Lousios Gorge

Lousios Gorge

For something totally different, we then drove to one of the most scenic places in the Peloponnese’s mountainous, central highlands, Lousios Gorge. The gorge, about 3 miles long and almost 1,000 feet deep, is reached after a tortuous drive on one, or if you’re lucky, one-and-a-half lane mountain roads that have far more hairpin turns than straightaways. The drive, which is tough enough on its own, is even harder when you come upon a camper coming in the opposite direction or, run into a welcoming committee of a herd of goats that believe the road was built for their exclusive use.

first you have to get by the goats

To make matters even more difficult, the towns and accommodations are on one side of the gorge, while the hiking trail and many of the historic sites (especially 17th century monasteries, the foundations of a 4th century B.C. temple and a medieval bridge) are on the other. This, combined with a pouring rain and a tight schedule, dramatically constrained what we were able to see and do on our visit to the Lousios Gorge. We were, however, able to get in a few walks and see some of the area’s oldest sites and some of its prettier views. These included:

  • Moni Agiou Ioannou Prodromou Monastery, a tiny, incredibly scenic, 12th-century building that is wedged into a cliffside, far from any roads and accessible only by a steep trail;

Moni Agiou Ioannou Prodromou Monastery

  • Ancient Gortys, the foundations of a large, 4th-century B.C. temple and healing center that was dedicated to Asllepios, the ancient Greek god of healing;
  • Kokkoras Bridge, a small, medieval-era, arched bridge that fords the small, but powerful stream that was responsible for carving most of the gorge and that leads to the Gortys.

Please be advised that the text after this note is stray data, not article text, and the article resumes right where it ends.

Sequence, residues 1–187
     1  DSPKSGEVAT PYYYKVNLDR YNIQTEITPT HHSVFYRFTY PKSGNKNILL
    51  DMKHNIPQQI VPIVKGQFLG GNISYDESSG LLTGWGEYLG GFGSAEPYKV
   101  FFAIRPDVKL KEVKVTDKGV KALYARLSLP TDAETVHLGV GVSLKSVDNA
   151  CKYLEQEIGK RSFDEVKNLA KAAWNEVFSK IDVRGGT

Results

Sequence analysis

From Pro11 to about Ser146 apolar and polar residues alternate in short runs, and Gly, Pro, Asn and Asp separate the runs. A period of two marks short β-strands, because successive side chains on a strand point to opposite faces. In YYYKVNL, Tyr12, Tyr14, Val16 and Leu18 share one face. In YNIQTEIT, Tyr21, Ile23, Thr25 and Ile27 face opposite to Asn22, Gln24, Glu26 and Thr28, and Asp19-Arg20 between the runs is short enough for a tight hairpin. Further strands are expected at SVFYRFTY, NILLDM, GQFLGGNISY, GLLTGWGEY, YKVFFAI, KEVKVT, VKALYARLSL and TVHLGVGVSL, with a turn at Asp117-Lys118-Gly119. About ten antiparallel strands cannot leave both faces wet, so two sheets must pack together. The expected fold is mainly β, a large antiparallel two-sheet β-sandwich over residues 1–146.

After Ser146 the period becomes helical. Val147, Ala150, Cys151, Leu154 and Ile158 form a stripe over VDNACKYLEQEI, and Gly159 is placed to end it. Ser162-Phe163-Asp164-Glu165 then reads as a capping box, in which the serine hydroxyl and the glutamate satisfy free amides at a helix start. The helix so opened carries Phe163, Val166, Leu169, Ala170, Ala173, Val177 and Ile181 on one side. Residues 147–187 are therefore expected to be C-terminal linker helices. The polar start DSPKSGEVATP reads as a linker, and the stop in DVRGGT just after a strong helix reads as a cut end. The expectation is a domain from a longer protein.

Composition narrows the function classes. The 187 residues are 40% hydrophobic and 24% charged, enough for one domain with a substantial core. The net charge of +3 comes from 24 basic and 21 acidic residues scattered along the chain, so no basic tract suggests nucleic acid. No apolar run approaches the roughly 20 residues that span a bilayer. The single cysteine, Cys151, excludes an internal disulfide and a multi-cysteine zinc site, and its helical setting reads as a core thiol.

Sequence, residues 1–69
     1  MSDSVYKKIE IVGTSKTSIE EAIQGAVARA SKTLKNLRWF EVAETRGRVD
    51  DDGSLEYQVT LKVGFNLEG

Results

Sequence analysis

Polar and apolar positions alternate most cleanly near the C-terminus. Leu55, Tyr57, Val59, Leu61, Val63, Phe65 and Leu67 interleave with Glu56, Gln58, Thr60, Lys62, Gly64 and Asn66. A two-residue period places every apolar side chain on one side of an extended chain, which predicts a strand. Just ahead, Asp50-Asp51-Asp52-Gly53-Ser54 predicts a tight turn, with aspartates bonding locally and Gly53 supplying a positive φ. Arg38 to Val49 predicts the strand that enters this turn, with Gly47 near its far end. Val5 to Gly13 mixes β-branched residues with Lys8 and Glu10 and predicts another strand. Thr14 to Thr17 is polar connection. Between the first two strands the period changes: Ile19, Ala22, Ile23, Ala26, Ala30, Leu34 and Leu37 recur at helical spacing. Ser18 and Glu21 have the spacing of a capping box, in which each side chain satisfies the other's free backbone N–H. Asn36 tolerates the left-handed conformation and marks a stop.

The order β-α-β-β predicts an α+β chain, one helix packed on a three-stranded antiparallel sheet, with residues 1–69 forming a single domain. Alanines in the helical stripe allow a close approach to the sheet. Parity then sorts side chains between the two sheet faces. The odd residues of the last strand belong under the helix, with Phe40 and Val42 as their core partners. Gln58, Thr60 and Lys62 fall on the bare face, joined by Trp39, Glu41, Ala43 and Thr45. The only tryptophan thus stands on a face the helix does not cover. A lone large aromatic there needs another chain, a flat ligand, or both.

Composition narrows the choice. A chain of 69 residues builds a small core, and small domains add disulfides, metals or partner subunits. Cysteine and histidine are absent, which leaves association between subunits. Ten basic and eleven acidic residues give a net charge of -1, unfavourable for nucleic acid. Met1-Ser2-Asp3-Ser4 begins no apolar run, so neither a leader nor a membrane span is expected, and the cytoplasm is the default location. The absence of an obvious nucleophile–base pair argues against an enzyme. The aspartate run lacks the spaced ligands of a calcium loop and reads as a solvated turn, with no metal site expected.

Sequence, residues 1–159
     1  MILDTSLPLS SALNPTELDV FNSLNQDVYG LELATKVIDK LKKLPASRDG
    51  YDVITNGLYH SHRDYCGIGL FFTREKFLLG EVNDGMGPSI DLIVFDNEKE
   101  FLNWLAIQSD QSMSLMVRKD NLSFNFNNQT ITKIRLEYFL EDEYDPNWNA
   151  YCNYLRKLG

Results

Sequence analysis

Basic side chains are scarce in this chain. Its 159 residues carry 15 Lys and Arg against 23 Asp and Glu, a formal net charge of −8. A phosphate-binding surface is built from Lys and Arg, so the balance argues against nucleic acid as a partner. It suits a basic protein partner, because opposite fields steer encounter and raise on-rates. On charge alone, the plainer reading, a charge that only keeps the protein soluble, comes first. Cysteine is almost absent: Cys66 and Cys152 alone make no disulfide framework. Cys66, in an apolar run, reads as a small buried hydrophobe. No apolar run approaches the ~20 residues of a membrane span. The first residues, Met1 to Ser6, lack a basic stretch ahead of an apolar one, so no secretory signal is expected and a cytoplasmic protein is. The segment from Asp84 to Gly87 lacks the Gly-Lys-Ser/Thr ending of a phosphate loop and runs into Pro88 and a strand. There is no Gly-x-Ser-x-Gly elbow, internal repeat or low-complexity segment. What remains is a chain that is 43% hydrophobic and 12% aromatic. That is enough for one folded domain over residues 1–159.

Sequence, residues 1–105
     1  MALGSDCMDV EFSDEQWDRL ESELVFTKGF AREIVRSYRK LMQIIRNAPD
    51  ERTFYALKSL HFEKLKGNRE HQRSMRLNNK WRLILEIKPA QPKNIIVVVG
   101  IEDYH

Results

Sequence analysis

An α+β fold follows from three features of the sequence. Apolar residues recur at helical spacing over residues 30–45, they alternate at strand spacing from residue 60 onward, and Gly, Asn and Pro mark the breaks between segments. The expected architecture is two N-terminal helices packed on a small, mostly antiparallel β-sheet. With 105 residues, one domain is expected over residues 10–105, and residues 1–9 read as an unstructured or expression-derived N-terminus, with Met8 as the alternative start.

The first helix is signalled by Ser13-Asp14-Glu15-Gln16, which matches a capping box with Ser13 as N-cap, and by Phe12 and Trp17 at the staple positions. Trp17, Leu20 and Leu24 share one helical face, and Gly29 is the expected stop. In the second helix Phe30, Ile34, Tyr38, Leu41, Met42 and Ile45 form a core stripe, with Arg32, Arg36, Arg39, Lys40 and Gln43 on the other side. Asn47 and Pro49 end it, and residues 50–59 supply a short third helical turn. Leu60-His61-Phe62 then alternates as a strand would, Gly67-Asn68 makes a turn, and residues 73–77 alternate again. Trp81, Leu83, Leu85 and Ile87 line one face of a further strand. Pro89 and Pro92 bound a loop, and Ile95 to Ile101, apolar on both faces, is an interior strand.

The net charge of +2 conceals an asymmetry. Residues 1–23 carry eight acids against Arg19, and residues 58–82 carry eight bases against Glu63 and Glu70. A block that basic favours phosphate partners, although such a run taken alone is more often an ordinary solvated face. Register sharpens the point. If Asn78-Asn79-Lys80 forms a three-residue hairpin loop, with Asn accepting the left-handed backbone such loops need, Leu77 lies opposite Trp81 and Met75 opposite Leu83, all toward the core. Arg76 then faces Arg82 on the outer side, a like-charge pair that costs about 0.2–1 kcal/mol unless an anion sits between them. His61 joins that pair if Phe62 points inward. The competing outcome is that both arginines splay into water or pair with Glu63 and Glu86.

Kokkoras Bridge

We also saw many wonderful views of the gorge, in weather ranging from rain, to fog and to clear, sunny skies. Lovely, despite the fact that limited communications (only via Google translate) and the inability to stop on the narrow winding roads to explore prevented us from finding views of the steepest, deepest part of the gorge.

We spent our one night in the area in the town of Stemnista, a mid-size mountain town with lovely views over parts of the gorge. The town’s primary attractions are its bell tower and the one restaurant that was open when we were there (although one or two more are supposed to be open in high season).


Stemnitsa Restaurant

Restaurant options were, by necessity, limited to the one open restaurant in town:

Sarakiniokis Tavern, grilled chicken (very good, but not much meat) and lamb in lemon sauce (quite a bit of meat and pretty good taste), both with French fries plus drinks (a liter of white wine, plus two liquors, tsipouro and ouso). But for a total bill of 17 euros for two people, who could complain?

Stemnitsa Hotel

Guesthouse Stemnitsa. We didn’t have a lot of choices in this small beautiful town in the mountains, but choose to stay at the Guesthouse Stemnitsa based upon TripAdvisor reviews. This 3 star guesthouse is a little gem in the middle of the small town. Although the owner did not speak English, Google translate worked fine. When we arrived, we were offered a tasty homemade cake, coffee, tea, wine and alcohol. Our room was on the first floor and had a door to the outside patio. The bathroom had a large tub which we didn’t use. A refrigerator with cold water was in the room. Breakfast consisted of homemade goodies, including leftovers of the wonderful cake we had the night before. The bed was a little hard and the pillows were a little too big for our taste, but that is our taste. Very comfortable and priced well.

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